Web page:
A great leader practices holistic, radical, other-oriented love and service. In asking the church to empower women as pastors and spiritual leaders, we are asking it to activate women to fully and freely love, lead, and serve.
Though limitations on women in institutional leadership continue, Holiness and Pentecostal women continue to carry out evangelistic ministries using the venues of revival and camp meetings as well as women’s conferences and conventions.
What the example of Deborah reveals about gender authority: As women have gained increased influence in society, and as Bible scholars offer a consistent egalitarian interpretation of Scripture, gender traditionalists have had to work harder and more creatively to justify the subordination of women within the church and family—even to themselves.
Rev. Dr. Prathia Hall Wynn was a womanist theologian, pastor, mentor, and civil rights activist who developed the concept of a “freedom-faith.” She is an important figure in Black history, women’s history, church history, and American history for her work towards a church and an America where all people are considered equal, regardless of their race, ethnicity, class, or gender.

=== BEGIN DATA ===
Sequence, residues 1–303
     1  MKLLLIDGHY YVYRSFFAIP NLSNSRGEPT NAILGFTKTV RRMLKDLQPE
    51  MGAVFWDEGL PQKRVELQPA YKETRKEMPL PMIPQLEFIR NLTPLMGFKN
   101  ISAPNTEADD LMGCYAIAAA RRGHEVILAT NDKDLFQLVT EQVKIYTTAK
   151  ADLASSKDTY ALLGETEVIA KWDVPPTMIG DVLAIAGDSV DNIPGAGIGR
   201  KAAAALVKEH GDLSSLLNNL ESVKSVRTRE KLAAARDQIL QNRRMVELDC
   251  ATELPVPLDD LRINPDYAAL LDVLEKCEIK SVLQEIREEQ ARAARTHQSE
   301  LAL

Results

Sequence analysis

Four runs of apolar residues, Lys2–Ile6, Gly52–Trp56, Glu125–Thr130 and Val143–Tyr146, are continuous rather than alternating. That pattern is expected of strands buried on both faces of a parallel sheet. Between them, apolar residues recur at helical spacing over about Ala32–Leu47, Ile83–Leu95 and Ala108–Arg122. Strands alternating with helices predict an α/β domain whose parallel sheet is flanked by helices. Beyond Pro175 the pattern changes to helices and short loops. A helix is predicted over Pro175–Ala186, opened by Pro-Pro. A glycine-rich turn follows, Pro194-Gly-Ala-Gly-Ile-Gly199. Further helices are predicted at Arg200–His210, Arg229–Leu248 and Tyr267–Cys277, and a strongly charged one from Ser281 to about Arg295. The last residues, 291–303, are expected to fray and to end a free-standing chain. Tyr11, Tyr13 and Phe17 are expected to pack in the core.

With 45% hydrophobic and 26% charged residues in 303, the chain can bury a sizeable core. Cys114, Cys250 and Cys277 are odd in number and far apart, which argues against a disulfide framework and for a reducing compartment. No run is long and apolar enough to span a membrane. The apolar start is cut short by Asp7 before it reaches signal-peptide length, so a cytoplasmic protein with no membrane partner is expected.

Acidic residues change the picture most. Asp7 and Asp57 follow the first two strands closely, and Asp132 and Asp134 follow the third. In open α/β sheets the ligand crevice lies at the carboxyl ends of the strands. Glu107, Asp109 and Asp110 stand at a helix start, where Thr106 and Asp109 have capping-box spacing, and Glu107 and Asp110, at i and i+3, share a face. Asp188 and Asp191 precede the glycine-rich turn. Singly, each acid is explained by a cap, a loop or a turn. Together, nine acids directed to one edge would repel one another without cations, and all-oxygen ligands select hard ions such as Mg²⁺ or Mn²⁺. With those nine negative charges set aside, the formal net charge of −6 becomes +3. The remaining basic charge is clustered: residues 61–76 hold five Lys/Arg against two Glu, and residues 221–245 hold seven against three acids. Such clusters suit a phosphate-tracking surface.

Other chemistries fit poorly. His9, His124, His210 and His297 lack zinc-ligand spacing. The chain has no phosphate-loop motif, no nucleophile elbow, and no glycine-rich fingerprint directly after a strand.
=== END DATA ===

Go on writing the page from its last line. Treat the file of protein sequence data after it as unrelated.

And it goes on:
Stereotypes say women are too emotional to lead, while men are clear and logical leaders. But when we look at the Bible, we find that these stereotypes are not only incorrect, they are also unbiblical.
Now Deborah, a prophetess, the wife of Lappidoth, was judging Israel at that time. She used to sit under the palm tree of Deborah between Ramah and Bethel in the hill country of Ephraim; and the sons of Israel came to her for judgment. (Judges 4:4–5, NASB)
As a scholar of rhetoric and as a Pentecostal Christian, I notice that, although rhetoric and religion embody quite different theoretical perspectives, rhetoric, religion, and gender collide when we examine who is given the authority to speak and who is believed within the church.
But authors in this issue of Mutuality provide many examples of amazing evangelical pioneers from the eighteenth and nineteenth centuries whose commitment to biblical authority and to fulfilling Jesus’ Great Commission convinced them that women needed to be free to use their ministry gift s and equipped to answer God’s call wherever it led.